North American Herb & Spice In-Fusion Power Mega Orega Tea (90 g)
North American Herb & Spice In-Fusion Power Mega Orega Tea is an organic wild high mountain crushed oregano leaf infusion. North American Herb & Spice In-Fusion Power Mega Orega Tea provides pure power from sun-charged wild oregano., the whole food way to get the power of wild oregano. This is the original wild high-mountain P73 oregano used traditionally as a healthy tea. It is handpicked from remote regions in the mountains. Plus, it's 100% wild. It's potent, without caffeine. That's why it is the healthiest tea available. Mega Orega Tea has the power of photonic energy - the synergy of mountain rock and sun. Drink your Mega Orega infusion daily for better health.
North American Herb and Spice is not only to educate the public on the powers of raw whole foods, but to create a morale standard for the way we nourish our bodies. Our beliefs intertwine with movements across the globe that advocate the conservation of our natural resources and maintain the delicate balance of nature. For this we align ourselves and support causes that set a high morale standard for the respect of nature and our health. We are opposed to the use of genetically modified organisms in our food. We believe in the power of raw foods, and the power that uncooked vitamins, minerals, nutrients, and enzymes posses. We believe that nature intended for our bodies to depend on natural-source vitamins and minerals, not synthetics. It is these among other ideals that have fueled our pursuit for a happier and healthier human race.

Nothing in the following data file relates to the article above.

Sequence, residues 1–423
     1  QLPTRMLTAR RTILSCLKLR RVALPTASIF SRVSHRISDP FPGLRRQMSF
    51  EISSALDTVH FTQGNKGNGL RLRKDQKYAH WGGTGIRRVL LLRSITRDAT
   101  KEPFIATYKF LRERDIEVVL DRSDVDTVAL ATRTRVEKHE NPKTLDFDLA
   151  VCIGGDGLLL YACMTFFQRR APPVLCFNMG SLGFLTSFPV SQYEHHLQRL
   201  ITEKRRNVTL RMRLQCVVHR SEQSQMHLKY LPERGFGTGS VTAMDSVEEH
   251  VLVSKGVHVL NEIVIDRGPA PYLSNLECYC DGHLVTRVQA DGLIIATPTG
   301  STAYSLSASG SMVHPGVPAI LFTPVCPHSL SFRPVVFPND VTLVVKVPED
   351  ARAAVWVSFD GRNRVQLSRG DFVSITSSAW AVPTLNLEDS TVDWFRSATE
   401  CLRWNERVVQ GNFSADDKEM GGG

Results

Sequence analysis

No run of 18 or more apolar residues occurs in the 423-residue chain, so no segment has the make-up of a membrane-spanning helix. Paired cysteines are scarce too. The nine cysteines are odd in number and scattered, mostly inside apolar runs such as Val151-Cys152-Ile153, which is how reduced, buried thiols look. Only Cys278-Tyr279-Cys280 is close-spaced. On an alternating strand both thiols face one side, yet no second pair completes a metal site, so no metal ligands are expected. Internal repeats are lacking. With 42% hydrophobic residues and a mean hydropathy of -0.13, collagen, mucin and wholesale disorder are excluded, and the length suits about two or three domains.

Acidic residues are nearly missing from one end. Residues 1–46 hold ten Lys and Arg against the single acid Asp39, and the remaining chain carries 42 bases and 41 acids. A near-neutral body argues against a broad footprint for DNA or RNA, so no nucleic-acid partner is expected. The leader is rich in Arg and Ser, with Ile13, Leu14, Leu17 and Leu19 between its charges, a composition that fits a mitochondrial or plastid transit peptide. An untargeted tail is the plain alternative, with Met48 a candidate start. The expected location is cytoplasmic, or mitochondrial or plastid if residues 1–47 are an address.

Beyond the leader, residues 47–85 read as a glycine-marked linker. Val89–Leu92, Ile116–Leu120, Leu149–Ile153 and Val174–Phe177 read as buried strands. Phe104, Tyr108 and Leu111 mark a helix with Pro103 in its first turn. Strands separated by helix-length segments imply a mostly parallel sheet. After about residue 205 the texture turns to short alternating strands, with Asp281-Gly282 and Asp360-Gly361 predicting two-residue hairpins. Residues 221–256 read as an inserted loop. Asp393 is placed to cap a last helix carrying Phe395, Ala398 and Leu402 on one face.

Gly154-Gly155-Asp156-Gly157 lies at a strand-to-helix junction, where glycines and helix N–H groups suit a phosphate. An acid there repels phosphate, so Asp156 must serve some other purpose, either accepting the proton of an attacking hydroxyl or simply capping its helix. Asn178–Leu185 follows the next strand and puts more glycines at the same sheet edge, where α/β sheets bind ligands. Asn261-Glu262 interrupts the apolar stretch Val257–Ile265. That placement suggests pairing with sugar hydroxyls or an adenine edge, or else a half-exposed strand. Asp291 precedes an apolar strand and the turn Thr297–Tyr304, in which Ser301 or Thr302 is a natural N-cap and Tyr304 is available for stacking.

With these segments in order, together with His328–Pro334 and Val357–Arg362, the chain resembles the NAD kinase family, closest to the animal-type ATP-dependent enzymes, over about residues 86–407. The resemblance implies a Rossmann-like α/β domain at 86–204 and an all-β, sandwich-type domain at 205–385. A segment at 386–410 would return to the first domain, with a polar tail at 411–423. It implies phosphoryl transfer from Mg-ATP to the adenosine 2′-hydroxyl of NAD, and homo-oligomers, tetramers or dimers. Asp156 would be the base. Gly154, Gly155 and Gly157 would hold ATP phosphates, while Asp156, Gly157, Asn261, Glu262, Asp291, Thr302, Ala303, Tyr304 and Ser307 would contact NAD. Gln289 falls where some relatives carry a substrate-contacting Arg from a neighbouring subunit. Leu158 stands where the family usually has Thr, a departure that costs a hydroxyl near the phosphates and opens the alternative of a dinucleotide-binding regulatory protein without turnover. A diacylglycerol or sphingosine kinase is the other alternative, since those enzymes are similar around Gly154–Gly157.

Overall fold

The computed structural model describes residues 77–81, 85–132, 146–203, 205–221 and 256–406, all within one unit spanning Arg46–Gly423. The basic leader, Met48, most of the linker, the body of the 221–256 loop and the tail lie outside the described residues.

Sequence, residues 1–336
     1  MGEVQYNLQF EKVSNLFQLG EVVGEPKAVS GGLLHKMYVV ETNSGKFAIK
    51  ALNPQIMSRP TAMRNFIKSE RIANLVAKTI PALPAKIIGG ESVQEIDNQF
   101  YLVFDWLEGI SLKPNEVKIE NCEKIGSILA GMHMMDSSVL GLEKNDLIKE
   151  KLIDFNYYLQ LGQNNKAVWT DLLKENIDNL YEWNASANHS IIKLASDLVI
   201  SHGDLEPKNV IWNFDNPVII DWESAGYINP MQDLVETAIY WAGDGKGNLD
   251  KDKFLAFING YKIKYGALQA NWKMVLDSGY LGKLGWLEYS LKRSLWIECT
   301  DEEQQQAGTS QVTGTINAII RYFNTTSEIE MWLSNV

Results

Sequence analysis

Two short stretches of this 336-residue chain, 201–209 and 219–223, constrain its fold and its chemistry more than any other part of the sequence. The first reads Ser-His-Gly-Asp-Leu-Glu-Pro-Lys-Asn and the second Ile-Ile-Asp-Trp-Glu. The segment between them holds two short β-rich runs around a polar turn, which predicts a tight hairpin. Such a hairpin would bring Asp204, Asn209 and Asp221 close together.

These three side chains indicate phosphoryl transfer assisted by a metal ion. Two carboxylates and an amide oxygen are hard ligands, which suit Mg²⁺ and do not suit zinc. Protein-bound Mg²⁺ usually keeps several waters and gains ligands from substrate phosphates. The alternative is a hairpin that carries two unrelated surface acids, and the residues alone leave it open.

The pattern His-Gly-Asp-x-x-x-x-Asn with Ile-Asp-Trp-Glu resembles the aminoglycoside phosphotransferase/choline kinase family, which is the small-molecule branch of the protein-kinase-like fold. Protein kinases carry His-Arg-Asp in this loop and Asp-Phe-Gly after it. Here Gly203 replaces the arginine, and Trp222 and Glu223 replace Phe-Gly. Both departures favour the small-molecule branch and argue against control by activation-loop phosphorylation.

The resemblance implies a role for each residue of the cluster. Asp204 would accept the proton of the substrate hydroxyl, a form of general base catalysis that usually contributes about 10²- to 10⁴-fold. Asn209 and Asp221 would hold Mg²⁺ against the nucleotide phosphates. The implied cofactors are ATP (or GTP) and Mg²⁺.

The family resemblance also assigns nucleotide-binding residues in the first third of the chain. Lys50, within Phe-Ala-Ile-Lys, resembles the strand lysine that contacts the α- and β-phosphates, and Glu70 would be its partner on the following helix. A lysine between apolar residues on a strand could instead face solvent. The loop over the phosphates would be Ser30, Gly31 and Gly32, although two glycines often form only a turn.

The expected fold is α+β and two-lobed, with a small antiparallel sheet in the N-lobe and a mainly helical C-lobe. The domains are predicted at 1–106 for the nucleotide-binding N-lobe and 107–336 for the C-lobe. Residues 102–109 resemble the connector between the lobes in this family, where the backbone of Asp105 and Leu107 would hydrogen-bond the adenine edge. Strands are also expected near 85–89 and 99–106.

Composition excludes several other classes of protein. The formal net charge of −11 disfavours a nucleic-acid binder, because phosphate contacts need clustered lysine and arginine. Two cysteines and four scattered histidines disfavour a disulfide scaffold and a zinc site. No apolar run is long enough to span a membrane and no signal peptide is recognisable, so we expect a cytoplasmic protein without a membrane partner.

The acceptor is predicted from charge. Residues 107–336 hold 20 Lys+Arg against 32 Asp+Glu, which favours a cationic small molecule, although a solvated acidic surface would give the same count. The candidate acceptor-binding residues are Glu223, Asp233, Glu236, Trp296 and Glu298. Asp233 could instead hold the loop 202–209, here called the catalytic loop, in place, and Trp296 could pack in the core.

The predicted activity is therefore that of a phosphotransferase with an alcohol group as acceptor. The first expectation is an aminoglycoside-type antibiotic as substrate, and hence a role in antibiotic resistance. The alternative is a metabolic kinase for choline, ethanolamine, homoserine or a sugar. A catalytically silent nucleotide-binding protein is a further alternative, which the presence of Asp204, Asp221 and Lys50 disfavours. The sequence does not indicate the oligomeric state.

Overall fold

North American Herb and Spice was founded in 1999 by Judy Kay Gray, MS with the idea that nourishment from raw whole foods is the key to maintaining optimal health. Today those founding ideals serve as the foundation for more than 130 unique products, formulations that are highly nourishing and naturally powerful. Throughout the years North American Herb and Spice has exemplified quality in all the ingredients used to formulate its products. From the remote mountains of the Mediterranean to the valleys of the Amazon rainforest, North American Herb and Spice has sourced the finest fruits, herbs, and spices in the world. Wild handpicked spices such as the oregano we use in Oreganol P73 are the cornerstone of our product line. The phenolic compounds found in these spices have been revered since antiquity for their powerful effects. These whole, raw spices are steam distilled using the same processes used for generations, capturing the concentrated essential oil at often astounding ratios. These concentrated spice oils are then emulsified in extra virgin olive oil at the perfect ratio for power and palatability. Through this proprietary process invented by our founder Ms. Gray, the spice extract market in the United States was revived after problems with adulteration hindered its growth in the early 1950s. The end result was the purest, most powerful spice extracts made from the purest ingredients free from pesticides, chemicals, and solvents.
Parts used and where grown
Oregano is an aromatic perennial herb that can grow to about two feet in height. It is native to the Mediterranean region but is cultivated worldwide. In addition to European oregano, there are several types of related species, including Greek/Turkish oregano (Origanum onites) and Mexican oregano (Lippia graveolens, Lippa palmeri). These should not be considered substitutes for true oregano, though they may have similar properties. The leaves as well as the volatile oil of these various species are used medicinally, but must be carefully distinguished as they are quite different.
Historical or traditional use